Steve
 
Vlad Jovanovic said:

The thing is, no two systems (and no two operators) are exactly alike. Period. The water you use, the food you feed your fish, flow rates, the different microbes in these systems (and not just nitrobacter and nitrosomona, come to think of it, even the particular strains N.bacter and N.somona that you happen to have), the amount of oxygen, your height above sea level, the difference in you night time and day time temperatures, stocking densities, amount of algae present, what you want to get out of your system...the list goes on and on...

Yes, to me personally a pH of 7 or 6.8 would make me rather happy. Tomatoes do like a lower pH, and there are a ton of reasons why tomatoes wont blossom or set fruit. Light/dark cycles, not enough difference between night time and day time temps the list goes on, much of which is pH unrelated...  

I am a big believer in not trying to fight  the particulars of a given AP system, let that particular system show you where its most happy at. If you can keep a pH in the mid to upper 6 range, I think you'll be ridin' high (as far as nutrient lock out, plant productivity etc)...Also, it would seem that an AP system needs some time to mature. six months to a year is not that long for a system to sort of stabilize, build up nutrients, build up a web of different organisms, (a lot of which we can't see) etc...

Now I love to micro manage my hydro systems. Boy oh boy don't get me started. Sterilizing everything after each harvest, neurotically checking everything, adding, balancing re-balancing, but I just dont look at an AP system in the same way. Its more of a  natural system that I would like to guide along every now and then, intervening when necessary. Creating a mini eco-system.

There are people on this forum that cannot get their pH below 7.6-7.4 no matter what they do, then you have the gentleman you mentioned who swears he runs his at 5.5. For someone who has super hard water and a buffering media, a pH 5.5 (or even 6.8) would be ridiculous to shoot for. And if you bacteria are ticking away and you system seems fine at 5.5 (though this seems a bit difficult to me) and your fish seem alright, then it would be equally ludicrous to constantly buffer up to 7.6 and try to hold it there, would it not? There are folks who don't add any  supplements (except buffering), then there are folks who add all sorts of stuff, from worm castings to a host of nutrients. Some folks wont even think about heavy feeders like tomatoes being able to do well in the first few months after cycling, while others want and expect round red tomatoes right away...It really depends...hence some of the 'conflicting' opinions.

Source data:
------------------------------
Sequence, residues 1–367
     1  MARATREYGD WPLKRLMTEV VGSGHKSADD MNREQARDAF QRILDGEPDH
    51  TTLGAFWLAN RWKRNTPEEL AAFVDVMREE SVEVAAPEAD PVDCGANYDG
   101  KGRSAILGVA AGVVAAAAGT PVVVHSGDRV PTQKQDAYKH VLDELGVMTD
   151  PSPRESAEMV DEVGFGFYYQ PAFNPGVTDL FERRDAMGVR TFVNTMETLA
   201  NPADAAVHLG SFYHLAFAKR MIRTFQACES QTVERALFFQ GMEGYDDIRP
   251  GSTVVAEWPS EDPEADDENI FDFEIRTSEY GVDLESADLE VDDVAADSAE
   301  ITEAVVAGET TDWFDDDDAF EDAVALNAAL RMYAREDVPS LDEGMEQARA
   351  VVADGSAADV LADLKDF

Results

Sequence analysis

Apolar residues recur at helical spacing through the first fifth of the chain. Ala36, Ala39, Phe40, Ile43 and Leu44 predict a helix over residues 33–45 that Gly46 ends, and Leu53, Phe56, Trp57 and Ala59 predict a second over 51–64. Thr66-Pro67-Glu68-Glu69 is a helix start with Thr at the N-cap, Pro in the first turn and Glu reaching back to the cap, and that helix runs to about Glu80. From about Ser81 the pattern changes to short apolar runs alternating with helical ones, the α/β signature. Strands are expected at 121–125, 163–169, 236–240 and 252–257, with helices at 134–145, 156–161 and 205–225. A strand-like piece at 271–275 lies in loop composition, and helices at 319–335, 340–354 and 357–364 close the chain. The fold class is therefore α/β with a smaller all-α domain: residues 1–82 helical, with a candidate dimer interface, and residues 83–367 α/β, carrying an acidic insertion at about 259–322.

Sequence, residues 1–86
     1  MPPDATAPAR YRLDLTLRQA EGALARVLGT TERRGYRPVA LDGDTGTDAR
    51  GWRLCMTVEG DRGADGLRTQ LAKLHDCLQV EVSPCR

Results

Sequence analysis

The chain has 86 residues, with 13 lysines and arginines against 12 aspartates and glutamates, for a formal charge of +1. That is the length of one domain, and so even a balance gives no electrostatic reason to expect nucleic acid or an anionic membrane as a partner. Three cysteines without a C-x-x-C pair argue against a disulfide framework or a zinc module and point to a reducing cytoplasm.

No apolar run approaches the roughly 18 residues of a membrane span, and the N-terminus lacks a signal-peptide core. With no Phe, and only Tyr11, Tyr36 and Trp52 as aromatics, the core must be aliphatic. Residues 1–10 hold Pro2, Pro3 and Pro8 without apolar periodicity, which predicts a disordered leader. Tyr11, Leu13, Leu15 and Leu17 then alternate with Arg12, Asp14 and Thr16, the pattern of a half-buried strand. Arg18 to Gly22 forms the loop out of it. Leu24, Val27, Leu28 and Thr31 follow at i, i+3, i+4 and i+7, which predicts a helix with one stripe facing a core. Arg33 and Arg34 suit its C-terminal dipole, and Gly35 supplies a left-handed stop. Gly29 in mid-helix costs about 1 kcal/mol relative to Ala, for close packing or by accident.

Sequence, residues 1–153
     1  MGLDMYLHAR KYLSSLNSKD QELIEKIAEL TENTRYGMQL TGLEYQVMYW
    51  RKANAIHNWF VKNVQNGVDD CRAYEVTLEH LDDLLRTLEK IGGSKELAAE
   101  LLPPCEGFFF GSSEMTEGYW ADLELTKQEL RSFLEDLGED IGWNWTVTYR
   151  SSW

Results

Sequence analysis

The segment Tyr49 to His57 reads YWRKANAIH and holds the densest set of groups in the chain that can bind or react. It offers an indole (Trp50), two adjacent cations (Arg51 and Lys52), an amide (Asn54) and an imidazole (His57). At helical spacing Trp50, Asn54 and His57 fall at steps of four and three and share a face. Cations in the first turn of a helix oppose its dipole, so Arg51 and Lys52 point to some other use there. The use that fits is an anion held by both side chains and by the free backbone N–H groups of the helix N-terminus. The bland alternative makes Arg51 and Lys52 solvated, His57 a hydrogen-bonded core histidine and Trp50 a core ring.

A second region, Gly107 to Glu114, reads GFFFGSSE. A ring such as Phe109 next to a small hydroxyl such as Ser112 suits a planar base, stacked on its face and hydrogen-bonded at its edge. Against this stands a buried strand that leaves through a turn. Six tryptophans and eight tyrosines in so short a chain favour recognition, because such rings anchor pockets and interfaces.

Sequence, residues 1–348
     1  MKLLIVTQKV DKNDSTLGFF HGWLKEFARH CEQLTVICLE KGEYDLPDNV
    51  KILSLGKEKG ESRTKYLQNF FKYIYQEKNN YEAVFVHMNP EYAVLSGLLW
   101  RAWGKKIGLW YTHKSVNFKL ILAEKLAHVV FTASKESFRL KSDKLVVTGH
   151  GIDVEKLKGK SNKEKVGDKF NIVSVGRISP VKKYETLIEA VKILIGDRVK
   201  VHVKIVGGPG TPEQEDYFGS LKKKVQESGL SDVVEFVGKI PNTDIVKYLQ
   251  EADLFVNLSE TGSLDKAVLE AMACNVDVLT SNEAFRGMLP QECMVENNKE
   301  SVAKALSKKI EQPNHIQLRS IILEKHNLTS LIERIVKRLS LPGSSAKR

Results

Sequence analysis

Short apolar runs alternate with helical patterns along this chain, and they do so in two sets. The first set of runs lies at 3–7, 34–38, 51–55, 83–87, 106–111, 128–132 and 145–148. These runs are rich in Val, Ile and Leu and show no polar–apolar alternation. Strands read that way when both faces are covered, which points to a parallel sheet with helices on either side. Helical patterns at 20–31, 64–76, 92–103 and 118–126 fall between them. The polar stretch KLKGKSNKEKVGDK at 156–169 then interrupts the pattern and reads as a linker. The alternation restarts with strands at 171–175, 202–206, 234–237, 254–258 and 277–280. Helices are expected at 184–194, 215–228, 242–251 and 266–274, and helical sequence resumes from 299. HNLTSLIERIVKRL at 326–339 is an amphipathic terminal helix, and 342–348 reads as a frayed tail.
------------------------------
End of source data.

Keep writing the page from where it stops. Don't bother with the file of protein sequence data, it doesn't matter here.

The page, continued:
It is probably prudent and wise that you intervene when your pH goes down to around 6, (and no, I think tomatoes would do great at an pH of under 6 in an AP system, keeping the rest of the system happy there might be a bit of work) since you like to tinker, you could buffer more often but not buffer so much. It's your system. Or if you are worried about Potassium already, buffer with Potassium Bi-Carbonate half the time and Calcium Hydroxide the other half. At that pH you would hardly have any lock-out problems to worry about. Or heck try to run your system at 5.5 and let us know how you do it. Depending on you and your particular system, it could well work out. Though I could not in good conscience advise you to do so. Still, you shouldn't let me or anyone else for that matter keep you from trying it if that is something you want to do. 

I think if you look at the "Rules of Thumb" section on this site you will find your generally accepted definitions of "good" parameters for all those thing that you mentioned.

you guys are all right- if you're starting and topping off with hard water, forget about any kind of pH control.  from a hydro perspective, lower is better so if your fish don't mind and your nitrification is still cranking, why not? anyone using hard water however can't do this- i talk to so many people who are using acids to lower pH without adressing the carbonates problems in thier systems- or folks who add carbonates and then try to lower pH.  . .

That's really good to know Nate. I had no idea that such a deficiency could cause such a dramatic difference in nitrate uptake. Is this true with non-fruiting/short term plants like lettuce as well? Are there any set of conditions where this phenomenon becomes more pronounced than others? I have relatively hard water and I'll have 18,000 liters of it, so I probably wont be buffering my system with KHCO3 soon after cycling. I had hoped to use home-brewed worm tea as a foliar spray and thought that that if I use KHCO3 in that way (foliar spary early on) as well, it could be detrimental to the "living web" of beneficial organism that worm tea seems to produce on leaves. Do you feel that this is a safe assumption?

 

My other question if i may is, what are your thoughts on adding chelated (EDTA) micro nutrients (fish safeness)? The product I have access to is:

 Fe 0.76%

Mn 3.48%

Mo 0.485%

Zn 1.02%

Cu 0.76% (this is the one that worries me most, is this a valid concern at this concentration)

I have a separate EDDHA Fe 6% for iron that I was hoping to alternate between with the above product, unless the above product is a no go... 

I would really appreciate your thoughts on all these things.

Nate Storey said: